The Internet is a powerful tool and anyone with a connection and a device (i.e. everybody) can dial into an almost unlimited stream of information. But with the flood of testimonials, Yelp pages and blogs it can be difficult to determine fact from fiction. The continually evolving field of medicine can accentuate the difficulty as treatments, medicines and surgeries can change at a pace that even Wikipedia can’t keep up with.
One such topic in the field of sports medicine is the use of concentrated portions of the blood as agents to speed healing and tissue repair. Kobe Bryant famously flew to Germany for treatment of his knee with one such product, Regenokine.
For most of us without a private jet and millions in disposable income, the more common treatment is known as PRP (Platelet Rich Plasma) and is increasingly used to speed up tendon and ligament healing after injury or surgery. Platelets are an important part of the bodies healing response after injury and their concentrated growth factors are the theoretical reasons behind the use of PRP.
PRP utilizes a small portion of blood drawn from the patient which is then spun in a centrifuge to isolate the platelets and re-injected into the affected area. While the science behind PRP therapy is widely accepted, its manner of use is not. Confusion can result as the method of preparing and injecting the PRP-product can vary among physicians. As a result of this, the type of administration and treatment protocol can affect the clinical outcome of the treatment.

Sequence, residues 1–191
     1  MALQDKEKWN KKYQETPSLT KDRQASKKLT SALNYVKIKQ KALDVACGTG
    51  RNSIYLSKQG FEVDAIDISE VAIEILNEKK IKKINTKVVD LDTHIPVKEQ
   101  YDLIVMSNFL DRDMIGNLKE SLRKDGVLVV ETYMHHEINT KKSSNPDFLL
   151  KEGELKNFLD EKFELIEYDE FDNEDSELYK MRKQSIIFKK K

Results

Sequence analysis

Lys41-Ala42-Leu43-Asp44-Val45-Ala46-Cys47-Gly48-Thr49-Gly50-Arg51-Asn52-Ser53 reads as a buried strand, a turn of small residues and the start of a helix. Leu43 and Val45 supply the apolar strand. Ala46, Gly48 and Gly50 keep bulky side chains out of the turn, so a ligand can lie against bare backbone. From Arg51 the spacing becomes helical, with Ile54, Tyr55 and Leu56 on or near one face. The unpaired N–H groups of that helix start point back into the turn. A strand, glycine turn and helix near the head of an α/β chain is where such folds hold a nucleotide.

While originally used for tendon injuries, PRP use has spread into surgical and non-surgical interventions. PRP has been commonly used for chronic tendon injuries and has shown success in treating “tennis elbow “or lateral epicondylitis and patellar tendinopathy or “jumper’s knee”. With these procedures, the PRP is injected directly into the tendon, frequently under the guidance of ultrasound. Immobilization and rest of the treated area frequently follow the application of the PRP treatment.
According to a review article in the journal Physical Medicine and Rehabilitation, most patients experienced a reduction in pain when PRP was used to treat their lateral epicondylitis. However, conflicting outcomes can be found as similar research found PRP no more useful in the treatment of tennis elbow than a saline injection.
Recently, PRP has been used during ACL reconstruction in an attempt to aid in the healing of the bony tunnels and speed the incorporation of the graft into the bone. While it is similarly used in rotator cuff surgeries, early clinical studies do not show any added benefit when used for either rotator cuff or ACL surgery.
In a recent article in the American Journal of Sports Medicine, PRP showed positive effects in temporary alleviating the symptoms of osteoarthritis. These improvements lasted for approximately 6 months after the injection of PRP.
Despite its widespread use, PRP shows mixed results and research suggests that its effects can vary depending on where and how it is utilized. Generally, there isn’t a “silver bullet” treatment that can cure all orthopedic ills, PRP included. When PRP is indicated, it should involve a comprehensive program that includes physical therapy, possible immobilization and progressive return to more strenuous activity. Stay tuned (or logged on) to get the latest in PRP research.